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Math Question

  1. Apr 10, 2007 #1
    Ok. K this equation I am suppose to make has to variables
    The magnitude is increasing at a certain rate. It is a pattern. I need to find an equation for this pattern

    Say we have:

    r^0
    r^1
    r^3
    r^6
    r^10

    Ok. As you can see, the added magnitude is increasing by 1 everytime. I need to create this equation where the magnitude is a variable. So it could be like r^n+1 or something like that. Lol. Plz help asap.
     
  2. jcsd
  3. Apr 10, 2007 #2

    symbolipoint

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    The exponents fit the form, [tex]\sum _1 \^{n} \(n-1) [/tex]

    [in case the typesetting did not work, I said, summation from 1 to n, of (n-1)]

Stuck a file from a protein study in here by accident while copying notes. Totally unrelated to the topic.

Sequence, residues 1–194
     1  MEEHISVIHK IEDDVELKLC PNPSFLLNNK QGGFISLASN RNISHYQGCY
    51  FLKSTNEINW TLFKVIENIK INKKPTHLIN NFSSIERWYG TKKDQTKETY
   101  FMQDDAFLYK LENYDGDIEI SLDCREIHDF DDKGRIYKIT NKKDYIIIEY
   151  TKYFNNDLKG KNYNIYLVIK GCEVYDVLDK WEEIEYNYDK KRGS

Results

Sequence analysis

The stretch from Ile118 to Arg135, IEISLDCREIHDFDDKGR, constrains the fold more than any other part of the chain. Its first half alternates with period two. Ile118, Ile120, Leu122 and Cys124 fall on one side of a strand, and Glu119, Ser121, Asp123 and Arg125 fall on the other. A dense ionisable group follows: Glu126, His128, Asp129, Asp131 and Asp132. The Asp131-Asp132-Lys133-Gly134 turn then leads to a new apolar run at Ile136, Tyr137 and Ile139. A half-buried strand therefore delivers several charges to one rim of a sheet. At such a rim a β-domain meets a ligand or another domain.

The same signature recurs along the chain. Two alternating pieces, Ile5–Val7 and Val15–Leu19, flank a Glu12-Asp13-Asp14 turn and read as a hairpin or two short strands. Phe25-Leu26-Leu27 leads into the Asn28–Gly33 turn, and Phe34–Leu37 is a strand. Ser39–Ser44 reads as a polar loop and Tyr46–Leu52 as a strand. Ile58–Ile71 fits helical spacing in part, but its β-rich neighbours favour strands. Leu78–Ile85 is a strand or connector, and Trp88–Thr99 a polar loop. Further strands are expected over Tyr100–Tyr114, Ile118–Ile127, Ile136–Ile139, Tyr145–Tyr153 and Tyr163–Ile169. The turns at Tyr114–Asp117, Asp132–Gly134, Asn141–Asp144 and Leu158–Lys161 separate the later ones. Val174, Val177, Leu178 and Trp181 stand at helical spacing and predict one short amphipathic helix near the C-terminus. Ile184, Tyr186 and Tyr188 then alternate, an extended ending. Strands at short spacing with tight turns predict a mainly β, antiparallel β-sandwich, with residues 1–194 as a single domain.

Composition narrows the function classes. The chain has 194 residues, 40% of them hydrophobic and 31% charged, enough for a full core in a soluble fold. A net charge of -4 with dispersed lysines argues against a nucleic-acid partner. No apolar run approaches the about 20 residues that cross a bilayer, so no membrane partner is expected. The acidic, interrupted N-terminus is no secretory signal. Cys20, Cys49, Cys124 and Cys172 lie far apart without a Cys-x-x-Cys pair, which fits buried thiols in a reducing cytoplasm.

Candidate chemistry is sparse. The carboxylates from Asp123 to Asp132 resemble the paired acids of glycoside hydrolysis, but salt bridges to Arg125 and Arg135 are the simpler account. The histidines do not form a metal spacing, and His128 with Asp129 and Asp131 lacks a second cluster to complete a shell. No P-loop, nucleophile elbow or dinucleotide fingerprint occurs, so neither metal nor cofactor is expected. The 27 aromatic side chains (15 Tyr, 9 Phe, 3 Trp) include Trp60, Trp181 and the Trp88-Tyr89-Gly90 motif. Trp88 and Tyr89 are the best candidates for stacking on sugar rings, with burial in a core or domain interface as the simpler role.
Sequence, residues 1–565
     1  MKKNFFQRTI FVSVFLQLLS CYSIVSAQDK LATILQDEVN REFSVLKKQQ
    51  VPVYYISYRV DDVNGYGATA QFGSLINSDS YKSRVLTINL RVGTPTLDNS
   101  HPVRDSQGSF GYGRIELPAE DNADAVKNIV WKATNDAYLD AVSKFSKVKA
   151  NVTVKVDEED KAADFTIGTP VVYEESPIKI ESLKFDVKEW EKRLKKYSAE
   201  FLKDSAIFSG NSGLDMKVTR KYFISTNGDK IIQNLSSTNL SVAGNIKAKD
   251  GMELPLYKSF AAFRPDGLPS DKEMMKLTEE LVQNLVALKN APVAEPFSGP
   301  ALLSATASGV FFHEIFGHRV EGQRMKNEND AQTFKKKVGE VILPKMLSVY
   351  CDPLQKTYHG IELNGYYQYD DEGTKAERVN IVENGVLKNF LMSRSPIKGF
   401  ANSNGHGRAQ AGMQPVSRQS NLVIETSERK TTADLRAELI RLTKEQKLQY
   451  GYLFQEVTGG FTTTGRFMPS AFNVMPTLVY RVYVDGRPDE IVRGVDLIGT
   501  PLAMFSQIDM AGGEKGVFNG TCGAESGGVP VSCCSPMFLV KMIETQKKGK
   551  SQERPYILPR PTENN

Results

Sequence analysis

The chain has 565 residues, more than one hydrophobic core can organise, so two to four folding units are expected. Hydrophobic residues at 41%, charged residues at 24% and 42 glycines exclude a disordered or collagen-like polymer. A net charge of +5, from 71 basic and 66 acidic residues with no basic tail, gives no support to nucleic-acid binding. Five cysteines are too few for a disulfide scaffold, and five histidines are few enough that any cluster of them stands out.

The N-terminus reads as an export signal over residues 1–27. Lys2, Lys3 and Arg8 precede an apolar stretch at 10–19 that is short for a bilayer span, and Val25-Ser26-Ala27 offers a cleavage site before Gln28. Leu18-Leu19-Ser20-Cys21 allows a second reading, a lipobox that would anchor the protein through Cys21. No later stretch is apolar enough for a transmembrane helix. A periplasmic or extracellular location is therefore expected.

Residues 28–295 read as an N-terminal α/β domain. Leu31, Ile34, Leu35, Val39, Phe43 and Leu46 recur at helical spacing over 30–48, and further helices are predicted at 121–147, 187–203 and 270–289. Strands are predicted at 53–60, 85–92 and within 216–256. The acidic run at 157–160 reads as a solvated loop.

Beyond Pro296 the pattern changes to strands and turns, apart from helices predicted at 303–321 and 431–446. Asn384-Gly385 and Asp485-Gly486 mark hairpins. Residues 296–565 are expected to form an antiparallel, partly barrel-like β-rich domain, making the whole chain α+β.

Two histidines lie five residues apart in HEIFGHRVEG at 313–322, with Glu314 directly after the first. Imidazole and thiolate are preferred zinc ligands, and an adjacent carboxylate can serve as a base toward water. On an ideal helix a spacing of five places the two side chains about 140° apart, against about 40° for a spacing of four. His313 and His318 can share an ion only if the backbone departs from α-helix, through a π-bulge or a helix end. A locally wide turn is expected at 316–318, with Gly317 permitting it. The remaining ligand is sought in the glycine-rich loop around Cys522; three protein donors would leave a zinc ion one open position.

4. Apr 10, 2007 #3

    symbolipoint

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    .....in fact, the typesetting did NOT work; I will try studying other messages for anything doing what I tried.

    Let me try again now:

    [tex] \sum_1^n \((n-1) [/tex] If that does not work, then check my description in previous message.
     
    Last edited: Apr 10, 2007
  5. Apr 11, 2007 #4

    symbolipoint

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    This also might not work well because I'm still trying to learn the typesetting, but any k term would be :

    [tex]{r}^{\frac{k(k-1)}{2}[/tex]
    ... or in simple text form,
    r^(k(k-1)/2)

    Check an intermediate algebra book for how the expression formula was developed.
     
  6. Apr 11, 2007 #5

    HallsofIvy

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    The "tutorial" section is for just that- tutorials showing people how to do things. Questions should be posted in the "Homework" section. I am moving this thread to that section.

    Your exponents are "triangular" numbers: n(n+1)/2. The form you want is just what symbolipoint said in his last post.
     
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